Crystalline core fibers—especially those fabricated by a molten core approach—raise several intriguing fundamental scientific questions. Conventional methods grow crystals at rates ranging from millimeters per day (such as hydrothermal) to millimeters per minutes (like laser heated pedestal growth, or LHPG). The molten core-derived crystalline semiconductor core optical fibers are fabricated at rates of meters per second. Such rates are about 103 times faster than LHPG and more than 106 times faster than hydrothermal, which begs the question: Where does thermodynamics end and kinetics take over?
The high degree of crystallinity and reasonably long-range crystallography implies that thermodynamics still dominates at these high quench rates. Based on the crystallization rates of amorphous Si, draw speeds on the order of 18 m/s might be possible for silicon optical fiber. This suggests that long continuous lengths can be made at industry-relevant manufacturing speeds.5
The ability to draw long lengths of crystalline semiconductor core optical fibers using commercially accepted manufacturing methods opens the door to unify long propagation distances with the optical confinement necessary to maintain high pump intensity, all in a fiber structure that provides better heat dissipation than do traditional bulk crystals.
The unary semiconductors are characterized by high linear refractive indices and large third-order χ3 nonlinearity. The Raman gain coefficient for silicon is approximately 104 times greater than that of silica glass and suggests that silicon core fibers might make excellent Raman amplifiers, particularly in the midwave IR (MWIR). This spectral band includes vibrational absorptions associated with the chemical precursors of weapons of mass destruction, and has very low solar and thermal background radiation. Further, the impact of atmospheric turbulence on the propagation of free-space laser beams is much less in this band than in the visible and near-IR. As a result, crystalline semiconductor core optical fibers can be quite useful as MWIR oscillators and amplifiers.
A Si or Ge fiber Raman amplifier could offer a dramatic reduction in fiber length and large increase in average output power. In Ge, the transmission window extends well past 10 μm, enabling beam-combining with carbon monoxide (CO), carbon dioxide (CO2), and longwave IR (LWIR) quantum cascade lasers. Germanium fibers might also be feasible as terahertz waveguides given the low loss of Ge in the terahertz spectral region.
The recent realization of a crystalline binary semiconductor (InSb) core optical fiber opens the door to new possibilities for nonlinear fiber-based devices. Compound semiconductors such as InSb, InP (indium phosphide), or GaAs (gallium arsenide) lack a center of crystallographic symmetry such that second-order χ2 optical nonlinearities could exist.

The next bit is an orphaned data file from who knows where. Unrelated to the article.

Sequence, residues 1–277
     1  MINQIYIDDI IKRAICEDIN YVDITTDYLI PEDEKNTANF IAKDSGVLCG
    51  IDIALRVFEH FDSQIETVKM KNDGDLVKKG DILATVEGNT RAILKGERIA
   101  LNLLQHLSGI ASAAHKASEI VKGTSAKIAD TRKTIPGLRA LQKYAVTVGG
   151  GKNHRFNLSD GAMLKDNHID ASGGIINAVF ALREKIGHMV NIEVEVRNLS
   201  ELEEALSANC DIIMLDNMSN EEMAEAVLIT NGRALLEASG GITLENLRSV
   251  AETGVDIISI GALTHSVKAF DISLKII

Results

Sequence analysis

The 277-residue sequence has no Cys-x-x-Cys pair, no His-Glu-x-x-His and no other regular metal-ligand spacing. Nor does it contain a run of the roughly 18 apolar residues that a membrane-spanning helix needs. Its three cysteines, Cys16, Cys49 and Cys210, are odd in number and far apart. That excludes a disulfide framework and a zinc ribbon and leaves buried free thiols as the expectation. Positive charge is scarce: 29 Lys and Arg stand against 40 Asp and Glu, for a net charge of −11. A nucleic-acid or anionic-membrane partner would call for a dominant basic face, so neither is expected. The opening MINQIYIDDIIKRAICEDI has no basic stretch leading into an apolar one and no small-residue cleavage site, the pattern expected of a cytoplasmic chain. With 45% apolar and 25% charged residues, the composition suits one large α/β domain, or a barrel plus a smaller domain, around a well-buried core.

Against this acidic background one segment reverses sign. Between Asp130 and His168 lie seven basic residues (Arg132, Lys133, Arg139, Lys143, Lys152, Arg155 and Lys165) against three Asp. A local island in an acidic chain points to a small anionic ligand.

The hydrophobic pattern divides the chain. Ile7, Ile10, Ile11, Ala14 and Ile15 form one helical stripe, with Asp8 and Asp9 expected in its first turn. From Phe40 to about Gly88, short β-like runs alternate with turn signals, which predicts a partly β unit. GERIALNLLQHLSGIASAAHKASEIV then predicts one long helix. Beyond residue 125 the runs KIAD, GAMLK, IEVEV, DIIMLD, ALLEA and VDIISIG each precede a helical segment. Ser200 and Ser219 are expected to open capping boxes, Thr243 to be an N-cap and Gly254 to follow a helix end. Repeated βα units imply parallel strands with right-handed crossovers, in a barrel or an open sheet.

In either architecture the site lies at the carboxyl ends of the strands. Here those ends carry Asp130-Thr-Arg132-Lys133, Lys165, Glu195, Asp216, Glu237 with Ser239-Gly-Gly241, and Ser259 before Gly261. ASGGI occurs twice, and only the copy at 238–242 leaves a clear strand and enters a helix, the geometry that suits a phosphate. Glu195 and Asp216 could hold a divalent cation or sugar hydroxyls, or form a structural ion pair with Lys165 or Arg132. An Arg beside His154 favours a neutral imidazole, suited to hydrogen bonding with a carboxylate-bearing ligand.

The general benefits of optical fibers based on crystalline semiconductor cores with glass cladding will be high gain, narrow gain spectra, and excellent thermal conductivity. This will enable short fibers for reduced nonlinear effects when desired (stimulated Brillouin scattering, stimulated Raman scattering, four-wave mixing, and so on), and could potentially reduce the cost of diode-pumped crystal host lasers drastically.
Through still young, the field of glass-clad semiconductor core optical fiber offers opportunities for both fundamental scientific insights and practical commercial impact. The molten-core approach shows great potential for realizing long continuous lengths of glass-clad crystalline semiconductor core optical fibers using practical and scalable production methods. The best fibers to date exhibit losses on the order of 2 dB/cm in the near-IR and about 4 dB/m in the mid-IR. Clearly not optimized, it seems possible—based on the intrinsic properties of semiconductors and the thermodynamic and kinetic influences of the fabrication process-that attenuations on the order of 50 dB/km could be achieved with continued effort. A shorter-term goal would be an attenuation of 1 dB/m as this would enable considerable opportunities for a wide range of IR and nonlinear optical devices.
The authors wish to acknowledge financial support from Clemson University, the Northrop Grumman Corporation, the Raytheon Company, and the Defense Advanced Research Projects Agency (DARPA) under contract HR0011-08-C-0137.
1. J. Ballato et al., "Silicon optical fiber," Opt. Exp., 16, 18675-18683 (2008).
2. J. Ballato et al., "Glass-clad single-crystal germanium optical fiber," Opt. Exp., 17, 8029-8035 (2009).
3. J. Ballato et al., "Binary III-V core semiconductor optical fiber," Opt. Exp., 18, 4972-4979 (2009).
4. C. McMillen et al., "On crystallographic orientation in crystal core optical fibers," Opt. Mat., 32, 862-867 (2010).
5. J. Ballato, T. Hawkins, P. Foy, R. Stolen, and R. Rice, "Advancements in Semiconductor Core Optical Fiber," Optical Fiber Technology, 16, 399-408 (2010).
John Ballato is professor of materials science and director of the Center for Optical Materials Science and Engineering Technologies (COMSET), Thomas Hawkins is a research associate, Paul Foy is director of the Optical Fiber Laboratories, Roger Stolen is distinguished visiting professor at the School of Materials Science and Engineering, and Colin McMillen is research associate in the department of chemistry at Clemson University, Clemson, SC 29634, USA; e-mail email@example.com. Robert Rice is senior scientist (retired) at Northrop Grumman Space Technology, Redondo Beach, CA 90278, USA.